The FCC just revived interest in the Janet Jackson CBS v. FCC case at the Third Circuit; now a pair of watchdogs are teaming together to revive interest in the fleeting expletive Fox v. FCC case at the Second Circuit.
The Media Institute and The Thomas Jefferson Center for the Protection of Free Expression argued in a friend of the court brief that the First Amendment protects broadcast fleeting expletives.
The duo put forth three principles:
“First, the expression at issue here is fully protected by the First Amendment, since it falls within none of the exceptions the Supreme Court has recognized and consistently applied in free speech and free press cases.
“Second, the standards which the Commission applied to these respondents far exceed the limited scope of the Supreme Court’s prior tolerance for regulation, even in the special circumstances of licensed broadcasting.
“Third, any vital and pertinent interests of our society may be effectively protected by standards that comport with the rigorous safeguards of the First Amendment.”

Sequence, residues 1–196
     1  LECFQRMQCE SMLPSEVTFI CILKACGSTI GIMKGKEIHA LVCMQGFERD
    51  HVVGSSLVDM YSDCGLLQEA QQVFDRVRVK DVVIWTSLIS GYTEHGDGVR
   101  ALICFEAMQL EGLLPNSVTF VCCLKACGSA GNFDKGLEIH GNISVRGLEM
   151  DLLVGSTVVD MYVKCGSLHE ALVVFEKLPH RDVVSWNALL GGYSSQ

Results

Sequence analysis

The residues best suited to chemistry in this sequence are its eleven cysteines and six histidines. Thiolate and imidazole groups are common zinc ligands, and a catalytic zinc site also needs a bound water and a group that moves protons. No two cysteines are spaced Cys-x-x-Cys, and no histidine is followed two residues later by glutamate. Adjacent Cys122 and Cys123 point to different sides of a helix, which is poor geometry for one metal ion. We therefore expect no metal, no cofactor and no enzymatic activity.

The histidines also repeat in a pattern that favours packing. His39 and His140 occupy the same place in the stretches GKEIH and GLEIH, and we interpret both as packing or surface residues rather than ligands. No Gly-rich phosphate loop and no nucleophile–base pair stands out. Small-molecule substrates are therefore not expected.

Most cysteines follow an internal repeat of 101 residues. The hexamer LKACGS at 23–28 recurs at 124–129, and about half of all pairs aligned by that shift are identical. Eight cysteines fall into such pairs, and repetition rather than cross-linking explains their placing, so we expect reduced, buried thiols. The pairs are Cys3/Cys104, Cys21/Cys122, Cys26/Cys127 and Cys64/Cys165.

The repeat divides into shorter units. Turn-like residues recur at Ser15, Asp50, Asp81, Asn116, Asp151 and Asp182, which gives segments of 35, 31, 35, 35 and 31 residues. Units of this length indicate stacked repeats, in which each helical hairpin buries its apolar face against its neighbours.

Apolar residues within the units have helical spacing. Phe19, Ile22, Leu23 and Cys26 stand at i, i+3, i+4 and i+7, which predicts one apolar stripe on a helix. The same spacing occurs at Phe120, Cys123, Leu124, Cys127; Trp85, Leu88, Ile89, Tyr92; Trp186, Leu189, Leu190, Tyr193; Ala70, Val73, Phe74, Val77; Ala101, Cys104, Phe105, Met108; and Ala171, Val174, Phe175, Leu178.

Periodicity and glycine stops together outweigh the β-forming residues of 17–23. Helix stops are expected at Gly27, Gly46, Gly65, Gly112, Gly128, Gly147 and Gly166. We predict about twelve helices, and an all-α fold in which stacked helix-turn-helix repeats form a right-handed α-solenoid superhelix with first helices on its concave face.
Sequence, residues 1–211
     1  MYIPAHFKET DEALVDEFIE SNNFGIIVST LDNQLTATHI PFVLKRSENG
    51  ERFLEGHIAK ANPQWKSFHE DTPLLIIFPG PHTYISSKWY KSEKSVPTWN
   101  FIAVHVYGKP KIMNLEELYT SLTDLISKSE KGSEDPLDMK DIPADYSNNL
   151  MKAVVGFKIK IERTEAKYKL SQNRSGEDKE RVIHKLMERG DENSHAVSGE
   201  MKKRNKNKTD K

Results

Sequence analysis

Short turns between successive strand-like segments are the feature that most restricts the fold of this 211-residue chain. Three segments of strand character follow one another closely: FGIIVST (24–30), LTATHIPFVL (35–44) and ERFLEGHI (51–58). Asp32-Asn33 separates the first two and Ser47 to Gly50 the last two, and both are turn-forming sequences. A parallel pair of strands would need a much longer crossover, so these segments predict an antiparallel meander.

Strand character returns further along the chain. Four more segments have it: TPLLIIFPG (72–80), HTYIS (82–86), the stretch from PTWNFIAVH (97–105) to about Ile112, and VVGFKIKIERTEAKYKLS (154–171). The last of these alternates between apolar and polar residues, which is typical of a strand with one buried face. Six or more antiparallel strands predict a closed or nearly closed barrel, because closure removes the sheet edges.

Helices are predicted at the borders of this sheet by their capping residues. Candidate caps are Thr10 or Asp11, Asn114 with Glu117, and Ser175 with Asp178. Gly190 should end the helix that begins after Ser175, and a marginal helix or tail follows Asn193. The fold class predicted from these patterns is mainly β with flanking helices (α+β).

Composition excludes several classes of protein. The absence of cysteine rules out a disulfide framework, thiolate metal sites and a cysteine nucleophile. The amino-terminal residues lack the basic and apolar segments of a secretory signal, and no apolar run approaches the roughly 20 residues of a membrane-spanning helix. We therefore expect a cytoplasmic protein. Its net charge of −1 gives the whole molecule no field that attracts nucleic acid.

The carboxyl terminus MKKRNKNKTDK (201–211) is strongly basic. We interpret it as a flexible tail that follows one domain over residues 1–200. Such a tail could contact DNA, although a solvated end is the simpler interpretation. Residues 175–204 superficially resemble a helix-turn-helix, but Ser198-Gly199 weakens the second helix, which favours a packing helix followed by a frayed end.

The watchdogs noted that the Supreme Court has traditionally held that there regulation of indecency and profanity is very limited, and argue that the FCC also held this view until Michael Powell suddenly changed the rules after the twin events of f-bombs flying at live awards programs and the Janet Jackson Super Bowl incident.
RBR/TVBR observation: The FCC guidelines on indecency released by Michael Powell make it clear as day that the Commission gave a certain amount of latitude in this area, up to and including the dreaded f-bomb. And the latitude wasn’t just for unpredictable guests and rock musicians and bystanders who got too near a live mic – it allowed for slip-ups of news anchors letting loose a curse after flubbing a line and other inadvertent utterances from other equally respectable sources. Thanks, Media Institute and Thomas Jefferson Center, for standing up for free speech.